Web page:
Two High Run Fits vs. 20/11 Personnel Run/RPOs

Dec 16, 2018 | Defense, Coverage, Two High Coverage Structures

By Adam Harvey
Defensive Backs Coach/Special Teams Co-Coordinator
Cibolo Steele High School (TX)
Twitter: @coach_harvey18

 

  

Editor's Note: Some of the videos in this report contain audio.

 

  

The latest trend from offensive coordinators’ perspective is finding the hybrid Y/H that can line-up virtually any and everywhere to keep the defense guessing. The players who can line-up as an offset FB (H), Off Y, On Y, and slot have given defensive coaches headaches in matching personnel especially when there are no substitutions. Regardless of the front, having an overhang that can account for the flex player is important. Having defensive backs that can complement the overhang both in run and pass concepts may be the difference for success of the defense. In this report, I will discuss our reads versus the Y, off Y, and H from the DB position, particularly safety because we are primarily either spinning or keeping two on the roof based on the alignment of the flex player. For identification purposes, I will refer to this player as the flex throughout this report.

 

20 Personnel (Flex is aligned as RB/FB/H)

Teams that stay in a 20 personnel look will align the flex inside the tackle box. We have played this similar to a three-man surface keeping our backers inside and adjusting in the back end. We are a press 2 scheme by design and want to stay in our base if possible vs 2 back sets. If the flex is aligned as an H, whether on the strong or weak side of the formation, we will generally align to him. With the game plan in mind, many times it will depend on the talent level of the outside WR and the slot to the twin’s side. The skill of those players determines how much attention we can give the flex. In this report, we illustrate how we align vs split backfield, strong flex, and weak flex. As we get into the coaching points, please keep in mind, all of our variations are game planned and we will keep our alignment consistent but change responsibilities as the strength of offenses change from opponent to opponent. At the end of the day, the teams that can show similar alignment, yet run different concepts to confuse the opposition are those who will come out on top usually.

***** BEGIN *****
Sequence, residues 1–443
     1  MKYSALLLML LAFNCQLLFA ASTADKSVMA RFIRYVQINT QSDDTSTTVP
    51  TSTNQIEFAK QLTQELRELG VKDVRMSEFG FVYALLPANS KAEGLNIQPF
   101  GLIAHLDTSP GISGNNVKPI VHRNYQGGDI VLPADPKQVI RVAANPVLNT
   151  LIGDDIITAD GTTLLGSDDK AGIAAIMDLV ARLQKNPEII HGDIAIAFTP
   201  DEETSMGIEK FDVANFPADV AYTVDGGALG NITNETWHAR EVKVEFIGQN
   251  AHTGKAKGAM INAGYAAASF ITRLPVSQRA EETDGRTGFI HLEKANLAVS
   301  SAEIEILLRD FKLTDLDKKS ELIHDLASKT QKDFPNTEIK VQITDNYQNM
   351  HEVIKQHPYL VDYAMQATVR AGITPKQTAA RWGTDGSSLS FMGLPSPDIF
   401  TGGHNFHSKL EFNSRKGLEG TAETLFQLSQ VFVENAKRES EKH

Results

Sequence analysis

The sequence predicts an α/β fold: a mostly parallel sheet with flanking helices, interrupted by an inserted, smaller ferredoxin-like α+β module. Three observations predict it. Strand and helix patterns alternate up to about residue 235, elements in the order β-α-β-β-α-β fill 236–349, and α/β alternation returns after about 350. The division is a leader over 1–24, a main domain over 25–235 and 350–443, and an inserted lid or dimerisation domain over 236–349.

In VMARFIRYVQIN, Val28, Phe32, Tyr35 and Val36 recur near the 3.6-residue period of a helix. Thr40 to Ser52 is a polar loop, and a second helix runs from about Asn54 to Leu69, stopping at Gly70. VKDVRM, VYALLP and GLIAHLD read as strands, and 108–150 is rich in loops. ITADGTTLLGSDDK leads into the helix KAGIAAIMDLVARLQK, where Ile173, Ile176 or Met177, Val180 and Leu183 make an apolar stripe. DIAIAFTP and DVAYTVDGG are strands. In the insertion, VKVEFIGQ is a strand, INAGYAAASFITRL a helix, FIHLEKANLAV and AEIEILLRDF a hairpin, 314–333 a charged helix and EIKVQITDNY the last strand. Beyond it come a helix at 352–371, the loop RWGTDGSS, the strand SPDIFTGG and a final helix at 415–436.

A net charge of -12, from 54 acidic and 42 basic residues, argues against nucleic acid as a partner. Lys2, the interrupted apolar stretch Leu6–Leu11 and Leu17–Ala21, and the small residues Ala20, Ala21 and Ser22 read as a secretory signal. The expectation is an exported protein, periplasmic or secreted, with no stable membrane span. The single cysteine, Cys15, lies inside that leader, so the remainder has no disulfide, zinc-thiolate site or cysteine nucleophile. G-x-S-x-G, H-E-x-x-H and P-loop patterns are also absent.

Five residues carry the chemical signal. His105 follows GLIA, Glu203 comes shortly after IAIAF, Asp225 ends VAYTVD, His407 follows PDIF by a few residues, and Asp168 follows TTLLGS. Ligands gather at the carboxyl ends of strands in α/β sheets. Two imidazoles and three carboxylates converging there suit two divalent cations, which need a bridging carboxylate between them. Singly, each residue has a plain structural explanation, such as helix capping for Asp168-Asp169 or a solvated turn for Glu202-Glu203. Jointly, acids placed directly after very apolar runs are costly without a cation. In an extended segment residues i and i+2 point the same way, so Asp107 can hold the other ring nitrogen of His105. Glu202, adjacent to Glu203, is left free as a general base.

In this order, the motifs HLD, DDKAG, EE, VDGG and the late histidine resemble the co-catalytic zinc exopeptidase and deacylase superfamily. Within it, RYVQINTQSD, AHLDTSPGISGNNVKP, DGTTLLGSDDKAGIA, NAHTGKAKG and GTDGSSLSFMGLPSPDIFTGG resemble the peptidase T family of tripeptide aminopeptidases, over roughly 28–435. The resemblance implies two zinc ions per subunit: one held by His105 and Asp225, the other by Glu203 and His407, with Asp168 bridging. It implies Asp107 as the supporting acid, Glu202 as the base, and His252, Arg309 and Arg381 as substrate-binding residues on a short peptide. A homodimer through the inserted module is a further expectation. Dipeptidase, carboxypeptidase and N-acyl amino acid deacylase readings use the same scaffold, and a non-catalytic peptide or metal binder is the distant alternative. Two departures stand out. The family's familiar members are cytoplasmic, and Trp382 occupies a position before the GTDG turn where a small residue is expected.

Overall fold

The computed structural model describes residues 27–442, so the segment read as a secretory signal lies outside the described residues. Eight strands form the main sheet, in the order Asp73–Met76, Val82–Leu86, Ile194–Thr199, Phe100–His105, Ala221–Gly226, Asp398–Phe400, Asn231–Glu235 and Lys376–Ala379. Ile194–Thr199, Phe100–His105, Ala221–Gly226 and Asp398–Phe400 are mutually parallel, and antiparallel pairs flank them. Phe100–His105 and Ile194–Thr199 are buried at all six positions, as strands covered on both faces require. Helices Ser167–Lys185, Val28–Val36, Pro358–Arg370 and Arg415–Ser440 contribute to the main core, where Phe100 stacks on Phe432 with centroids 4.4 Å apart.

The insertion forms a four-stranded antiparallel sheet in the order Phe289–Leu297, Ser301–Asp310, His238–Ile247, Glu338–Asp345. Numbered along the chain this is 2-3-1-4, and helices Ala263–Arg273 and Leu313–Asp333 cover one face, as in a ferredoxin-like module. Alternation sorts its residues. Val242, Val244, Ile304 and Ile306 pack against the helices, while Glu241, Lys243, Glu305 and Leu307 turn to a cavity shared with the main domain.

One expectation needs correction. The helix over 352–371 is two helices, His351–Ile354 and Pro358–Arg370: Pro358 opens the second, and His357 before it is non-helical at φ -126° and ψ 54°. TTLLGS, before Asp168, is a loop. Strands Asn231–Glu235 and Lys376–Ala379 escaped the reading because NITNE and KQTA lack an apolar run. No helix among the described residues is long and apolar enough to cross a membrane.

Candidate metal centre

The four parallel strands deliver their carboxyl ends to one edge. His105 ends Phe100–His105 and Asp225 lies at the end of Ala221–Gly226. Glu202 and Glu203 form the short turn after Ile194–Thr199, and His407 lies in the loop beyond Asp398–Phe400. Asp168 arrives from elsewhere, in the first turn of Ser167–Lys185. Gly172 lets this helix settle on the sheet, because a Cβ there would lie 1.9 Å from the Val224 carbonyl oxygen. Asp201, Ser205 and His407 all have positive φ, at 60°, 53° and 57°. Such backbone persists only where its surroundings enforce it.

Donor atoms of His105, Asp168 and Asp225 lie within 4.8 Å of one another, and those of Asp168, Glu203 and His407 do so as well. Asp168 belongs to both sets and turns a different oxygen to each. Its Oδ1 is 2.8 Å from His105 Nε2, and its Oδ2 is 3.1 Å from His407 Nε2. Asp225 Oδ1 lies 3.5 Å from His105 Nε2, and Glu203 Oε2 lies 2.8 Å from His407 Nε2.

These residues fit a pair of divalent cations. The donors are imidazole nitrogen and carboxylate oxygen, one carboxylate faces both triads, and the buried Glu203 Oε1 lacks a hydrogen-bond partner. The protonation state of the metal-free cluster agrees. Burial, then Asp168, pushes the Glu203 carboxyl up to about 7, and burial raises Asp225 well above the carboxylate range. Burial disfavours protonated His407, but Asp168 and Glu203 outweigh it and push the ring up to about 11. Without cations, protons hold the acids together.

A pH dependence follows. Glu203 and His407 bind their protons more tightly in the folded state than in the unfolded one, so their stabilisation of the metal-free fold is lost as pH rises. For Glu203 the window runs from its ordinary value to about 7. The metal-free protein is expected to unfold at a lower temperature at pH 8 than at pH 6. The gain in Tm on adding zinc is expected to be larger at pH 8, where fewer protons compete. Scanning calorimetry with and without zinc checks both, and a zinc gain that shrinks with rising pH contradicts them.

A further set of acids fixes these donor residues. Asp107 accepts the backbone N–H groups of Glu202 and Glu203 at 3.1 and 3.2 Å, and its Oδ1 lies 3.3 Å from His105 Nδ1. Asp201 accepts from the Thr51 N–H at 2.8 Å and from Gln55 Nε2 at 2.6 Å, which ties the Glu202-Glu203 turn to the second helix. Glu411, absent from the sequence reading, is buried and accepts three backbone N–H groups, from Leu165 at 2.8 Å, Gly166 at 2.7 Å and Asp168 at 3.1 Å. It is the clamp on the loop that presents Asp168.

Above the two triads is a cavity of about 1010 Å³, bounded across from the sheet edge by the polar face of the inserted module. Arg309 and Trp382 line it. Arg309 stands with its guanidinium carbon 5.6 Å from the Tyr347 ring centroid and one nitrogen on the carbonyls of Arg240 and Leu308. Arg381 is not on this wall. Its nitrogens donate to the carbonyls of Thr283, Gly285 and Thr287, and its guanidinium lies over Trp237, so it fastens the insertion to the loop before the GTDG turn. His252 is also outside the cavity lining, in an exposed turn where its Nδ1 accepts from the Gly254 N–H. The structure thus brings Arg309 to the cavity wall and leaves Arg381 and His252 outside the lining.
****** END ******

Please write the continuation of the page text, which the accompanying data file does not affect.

OVER/UNDER FRONTS

FLEX STRONG: With Power, GT, and Wham schemes reigning as the go-to with 20 personnel, we like to play either press 2 or quarters to this formation. However, we will also spin the safety to the flex side if we feel the offense will run power or a wide zone play. With our front seven often in an under front, we will spin the safety to get a closer force, fit inside with the Mike and Sam and put the backside safety on the roof. The coverage becomes Sky 3. If we remain in two-high, we are either playing quarters to get both safeties involved in the run fits (force) or two and have the corners play press and force. We have also played some man free to the look with the same idea of spinning the safety on the flex side to make it look like sky, but we remain in a cover one concept.

Diagram 1

 

Coaching Points: When staying in two high our initial read is the mesh point and the ball. Our secondary read is #1 to the solo side and #2 to the twins’ side. We react to the flex late, from the safety position. Our alignment should be anywhere between 8-12 yards depending on the down and distance as well as the ability of the player involved. I give our guys flexibility to change up depth as they see fit until they get caught up and then I will make the necessary adjustment. 

On the play below, notice the back who is aligned in a strong position of 20 personnel will shoot out to the flat on a sprint flood concept. The safety to the flex is going to scroll, but then cut his scroll and sprint to the sideline once he reads sprint out. Our coaching point is to gain enough depth to keep two routes within breaking distance. The corner's job is to take deep third and keep a two-yard cushion on the deepest route. He does a good job being patient as the wheel route enters his third late in the play. The backside safety who has the middle of the field takes the post and leaves the wheel as the only throw the quarterback has. Nice coverage all around to a Flex look that could have been thrown underneath and gotten us to bite on his shoot route.

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